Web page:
But I could try again. My entire body ached from the overexertion, but my reservoir was still refilling. Except…it seemed slower than normal. Just by a hair, but still. Was that because I was so tired? Did that affect it somehow?

Huh. I made a mental note to talk to Laura about it. She’d have a better idea about what it might mean, and how to test the theory.

Still, right now I needed to focus on the task at hand. One more good push should be able to do it. It was probably for the best that it hadn’t worked on the first try, actually. This way, people would notice the dust billowing out and move out of the way, while the zombies would be too stupid to notice.

A few minutes of gulping down air proved to be enough. I would have liked some water to wash out the taste of dirt in my mouth, but I didn’t have any on me, and there was no time to find any.

This time, I didn’t waste any time letting my power out slowly. I pushed with everything I had from the very start, imagining my reservoir emptying out, grabbing the pillar with giant hands and lifting.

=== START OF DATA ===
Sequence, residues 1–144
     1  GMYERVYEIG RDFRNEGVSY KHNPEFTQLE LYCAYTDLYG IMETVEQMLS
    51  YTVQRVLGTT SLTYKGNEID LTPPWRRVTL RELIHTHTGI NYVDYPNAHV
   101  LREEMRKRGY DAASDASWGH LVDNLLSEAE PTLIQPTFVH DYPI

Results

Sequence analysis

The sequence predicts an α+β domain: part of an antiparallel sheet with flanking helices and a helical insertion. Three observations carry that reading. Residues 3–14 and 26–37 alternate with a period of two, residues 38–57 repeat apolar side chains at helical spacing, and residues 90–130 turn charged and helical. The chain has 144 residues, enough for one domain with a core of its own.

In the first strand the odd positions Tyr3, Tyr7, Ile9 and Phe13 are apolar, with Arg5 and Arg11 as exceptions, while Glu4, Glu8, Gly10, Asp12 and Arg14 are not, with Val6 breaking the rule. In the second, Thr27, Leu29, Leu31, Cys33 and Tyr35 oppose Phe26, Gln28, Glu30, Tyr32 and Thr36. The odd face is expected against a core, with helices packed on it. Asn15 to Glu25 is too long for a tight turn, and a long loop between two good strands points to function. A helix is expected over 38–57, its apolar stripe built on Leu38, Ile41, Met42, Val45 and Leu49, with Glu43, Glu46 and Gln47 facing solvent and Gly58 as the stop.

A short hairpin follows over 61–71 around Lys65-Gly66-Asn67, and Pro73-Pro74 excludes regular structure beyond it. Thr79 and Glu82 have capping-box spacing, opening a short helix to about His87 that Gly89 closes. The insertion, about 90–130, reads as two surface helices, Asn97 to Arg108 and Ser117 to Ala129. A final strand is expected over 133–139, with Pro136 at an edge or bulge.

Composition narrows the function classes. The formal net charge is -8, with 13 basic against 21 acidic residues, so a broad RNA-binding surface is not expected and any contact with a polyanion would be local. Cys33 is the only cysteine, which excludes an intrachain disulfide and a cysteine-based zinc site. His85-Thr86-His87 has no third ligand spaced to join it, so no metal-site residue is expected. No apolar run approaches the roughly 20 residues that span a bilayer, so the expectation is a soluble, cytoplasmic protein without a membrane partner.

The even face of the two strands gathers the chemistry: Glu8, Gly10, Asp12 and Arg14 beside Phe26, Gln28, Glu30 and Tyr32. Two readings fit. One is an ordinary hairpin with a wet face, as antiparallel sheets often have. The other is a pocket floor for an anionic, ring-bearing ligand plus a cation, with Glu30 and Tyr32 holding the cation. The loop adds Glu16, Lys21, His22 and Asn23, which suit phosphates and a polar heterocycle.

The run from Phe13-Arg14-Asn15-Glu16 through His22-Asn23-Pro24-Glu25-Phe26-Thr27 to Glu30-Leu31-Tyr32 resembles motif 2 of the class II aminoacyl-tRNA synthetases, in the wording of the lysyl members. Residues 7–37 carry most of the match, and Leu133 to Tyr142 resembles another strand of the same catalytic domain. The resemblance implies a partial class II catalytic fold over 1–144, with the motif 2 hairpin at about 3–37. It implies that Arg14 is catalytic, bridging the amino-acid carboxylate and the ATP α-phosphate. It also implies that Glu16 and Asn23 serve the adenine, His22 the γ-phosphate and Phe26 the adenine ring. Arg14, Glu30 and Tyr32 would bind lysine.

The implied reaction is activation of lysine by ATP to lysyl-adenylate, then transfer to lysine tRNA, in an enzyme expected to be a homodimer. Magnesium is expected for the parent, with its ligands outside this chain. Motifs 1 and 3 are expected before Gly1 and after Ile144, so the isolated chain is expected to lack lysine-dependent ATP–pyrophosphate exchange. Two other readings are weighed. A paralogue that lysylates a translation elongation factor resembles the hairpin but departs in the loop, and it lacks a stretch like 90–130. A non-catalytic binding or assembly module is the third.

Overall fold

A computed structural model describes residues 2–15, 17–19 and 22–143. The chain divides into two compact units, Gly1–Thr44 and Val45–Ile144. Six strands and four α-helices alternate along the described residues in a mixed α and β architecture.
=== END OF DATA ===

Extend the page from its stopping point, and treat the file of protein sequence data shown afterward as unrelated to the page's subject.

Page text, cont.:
I don’t know if the imaging helped, or if it was just to all-or-nothing attack. Hell, it was probably just the fact that the pillar was already cracked.

But it worked.

The ‘scraper groaned overhead, dust filling the room in a blinding cloud, until finally…

Until finally, with a sound like a hundred dying gargants, the massive structure toppled to its side, crashing into the street with a dull boom that rattled my bones and shattered some teeth.

Laura’s order was complete. The screamers were now separated from the vampires.

Behind the Scenes (scene 32)

Originally, the angels arriving was supposed to be the end of the battle. Thankfully, I realized that this didn’t quite work, as it made light of the emotional impact the battle was supposed to have. Not to mention that it implied the vampires were far weaker to light than they actually are.

So there are three more scenes before the end of the fight. Adam’s will be up on Monday.

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One thought on “Scene 32 – Fragor

  1. mousefu

    Wasn’t this book supposed to be about Adam he seems to be a very minor character compared tot he paladins.

    Reply